St Gregory of Nysa, Nerezi, 12th century.


Among numerous examples listed in this study, one might be quite illustrative in our present discussion.  It is a cluster of conceptual metaphors which attach a visual dimension to ideas: “[1] understanding is seeing; [2] ideas are light-sources; [3] discourse is a light-medium.” Imagery which demonstrate those (three) interconnected conceptual metaphors can be found in typically used phraseology, such as: “I see what you’re saying; It looks different from my point of view; What is your outlook on that?; I view it differently; Now I’ve got the whole picture; Let me point something out to you; That’s an insightful idea; That was a brilliant remark; The argument is clear; It was a murky discussion; Could you elucidate your remarks?; It’s a transparent argument; The discussion was opaque.[ii] Once again, it is obvious that the metaphorical layers radically influence our way of thinking and behavior. If we try to imagine behind our ideas images of projectiles, behind understanding image of explosion and behind discourse image of machine gun, or—let us rely again on the authors—if we try to “imagine a culture where an argument is viewed as a dance, the participants are seen as performers, and the goal is to perform in a balanced and aesthetically pleasing way,”[iii] then we will grasp (by the very impossibility of thinking in such a manner) how radically our culture is defined by the conceptual metaphors standing behind our concepts. Or else, if we conclude the short presentation of this research with its strongest claims, we will realize that: “human thought processes are largely metaphorical” and that the “human conceptual system is metaphorically structured and defined.”[iv]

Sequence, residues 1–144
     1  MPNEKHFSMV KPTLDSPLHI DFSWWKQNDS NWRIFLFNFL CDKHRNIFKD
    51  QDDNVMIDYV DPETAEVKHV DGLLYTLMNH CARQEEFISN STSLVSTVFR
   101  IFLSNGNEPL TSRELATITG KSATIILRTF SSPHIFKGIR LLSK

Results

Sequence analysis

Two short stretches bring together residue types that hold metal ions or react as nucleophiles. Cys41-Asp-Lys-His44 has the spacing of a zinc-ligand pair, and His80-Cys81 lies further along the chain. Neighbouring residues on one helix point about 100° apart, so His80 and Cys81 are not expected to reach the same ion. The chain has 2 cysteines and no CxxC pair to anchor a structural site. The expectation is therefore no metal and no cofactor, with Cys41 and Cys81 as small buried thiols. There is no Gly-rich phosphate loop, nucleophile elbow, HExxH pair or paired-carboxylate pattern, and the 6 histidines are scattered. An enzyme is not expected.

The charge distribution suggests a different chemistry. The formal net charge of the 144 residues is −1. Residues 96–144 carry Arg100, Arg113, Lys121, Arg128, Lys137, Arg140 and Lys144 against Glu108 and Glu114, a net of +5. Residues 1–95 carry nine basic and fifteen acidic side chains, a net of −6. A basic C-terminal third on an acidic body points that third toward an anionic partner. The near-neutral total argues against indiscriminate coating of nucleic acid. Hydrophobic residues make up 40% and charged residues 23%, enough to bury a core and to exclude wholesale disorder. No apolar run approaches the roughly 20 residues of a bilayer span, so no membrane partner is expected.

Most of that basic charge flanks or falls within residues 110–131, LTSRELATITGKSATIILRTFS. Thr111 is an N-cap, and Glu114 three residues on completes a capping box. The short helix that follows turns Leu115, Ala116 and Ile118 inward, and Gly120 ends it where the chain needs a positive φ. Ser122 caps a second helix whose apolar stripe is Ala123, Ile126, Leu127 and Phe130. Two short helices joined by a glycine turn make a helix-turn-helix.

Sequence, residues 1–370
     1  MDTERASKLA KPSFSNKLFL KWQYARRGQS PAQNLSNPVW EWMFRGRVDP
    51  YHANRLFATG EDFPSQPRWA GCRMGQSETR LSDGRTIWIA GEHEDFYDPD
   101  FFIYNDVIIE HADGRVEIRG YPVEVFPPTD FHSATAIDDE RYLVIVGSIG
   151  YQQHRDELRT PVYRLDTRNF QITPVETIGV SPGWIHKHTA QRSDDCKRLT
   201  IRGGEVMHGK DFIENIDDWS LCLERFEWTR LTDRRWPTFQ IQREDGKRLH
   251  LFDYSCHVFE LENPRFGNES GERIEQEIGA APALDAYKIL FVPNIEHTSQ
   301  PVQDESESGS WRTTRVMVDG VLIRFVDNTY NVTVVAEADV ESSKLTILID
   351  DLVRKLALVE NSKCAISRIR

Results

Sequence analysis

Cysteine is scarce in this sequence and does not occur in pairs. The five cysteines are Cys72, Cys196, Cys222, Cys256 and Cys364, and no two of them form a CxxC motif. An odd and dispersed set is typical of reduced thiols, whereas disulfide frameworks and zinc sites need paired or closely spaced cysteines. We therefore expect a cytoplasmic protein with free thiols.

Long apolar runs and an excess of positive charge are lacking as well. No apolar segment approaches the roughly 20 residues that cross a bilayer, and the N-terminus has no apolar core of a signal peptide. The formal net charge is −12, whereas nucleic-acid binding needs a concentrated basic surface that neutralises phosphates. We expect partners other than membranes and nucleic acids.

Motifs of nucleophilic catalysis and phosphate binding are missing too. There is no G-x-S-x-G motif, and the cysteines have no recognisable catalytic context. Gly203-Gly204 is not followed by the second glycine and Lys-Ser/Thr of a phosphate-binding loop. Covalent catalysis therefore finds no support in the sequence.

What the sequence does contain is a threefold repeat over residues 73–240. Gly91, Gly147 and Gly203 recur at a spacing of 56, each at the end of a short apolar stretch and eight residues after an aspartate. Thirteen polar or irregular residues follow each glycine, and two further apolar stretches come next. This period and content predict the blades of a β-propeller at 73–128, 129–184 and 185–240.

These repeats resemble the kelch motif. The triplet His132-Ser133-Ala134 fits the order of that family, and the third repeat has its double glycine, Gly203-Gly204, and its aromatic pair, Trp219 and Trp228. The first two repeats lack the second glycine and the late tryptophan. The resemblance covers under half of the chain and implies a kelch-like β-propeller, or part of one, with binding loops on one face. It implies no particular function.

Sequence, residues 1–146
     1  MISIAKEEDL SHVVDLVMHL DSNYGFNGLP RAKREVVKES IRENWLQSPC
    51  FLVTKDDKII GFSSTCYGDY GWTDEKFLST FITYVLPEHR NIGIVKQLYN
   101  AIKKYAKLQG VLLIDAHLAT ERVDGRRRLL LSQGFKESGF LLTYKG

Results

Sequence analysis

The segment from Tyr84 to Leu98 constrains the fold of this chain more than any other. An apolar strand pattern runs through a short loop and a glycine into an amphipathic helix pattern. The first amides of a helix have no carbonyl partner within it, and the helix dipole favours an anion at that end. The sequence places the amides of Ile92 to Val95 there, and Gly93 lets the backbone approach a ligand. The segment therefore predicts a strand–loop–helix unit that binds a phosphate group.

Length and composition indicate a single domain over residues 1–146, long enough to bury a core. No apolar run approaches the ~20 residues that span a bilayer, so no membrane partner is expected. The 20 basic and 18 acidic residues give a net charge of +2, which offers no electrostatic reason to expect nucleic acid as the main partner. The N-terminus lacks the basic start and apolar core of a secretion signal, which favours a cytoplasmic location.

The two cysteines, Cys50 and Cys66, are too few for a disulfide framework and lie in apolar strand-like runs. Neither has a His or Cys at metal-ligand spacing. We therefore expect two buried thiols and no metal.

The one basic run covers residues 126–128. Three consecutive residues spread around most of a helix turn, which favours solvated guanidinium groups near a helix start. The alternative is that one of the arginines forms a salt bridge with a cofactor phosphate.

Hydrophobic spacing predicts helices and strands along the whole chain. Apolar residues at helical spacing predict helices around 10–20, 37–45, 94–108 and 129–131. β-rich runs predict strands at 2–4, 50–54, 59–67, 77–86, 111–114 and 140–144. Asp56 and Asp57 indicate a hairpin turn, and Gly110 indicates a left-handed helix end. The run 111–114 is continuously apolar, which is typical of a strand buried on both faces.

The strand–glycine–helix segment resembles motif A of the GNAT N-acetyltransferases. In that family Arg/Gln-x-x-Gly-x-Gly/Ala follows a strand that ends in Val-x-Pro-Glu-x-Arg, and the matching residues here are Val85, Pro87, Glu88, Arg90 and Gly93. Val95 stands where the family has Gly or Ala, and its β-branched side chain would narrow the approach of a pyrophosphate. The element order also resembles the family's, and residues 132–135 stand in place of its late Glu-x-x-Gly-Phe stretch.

St Basil the Great, Decani, 14th century.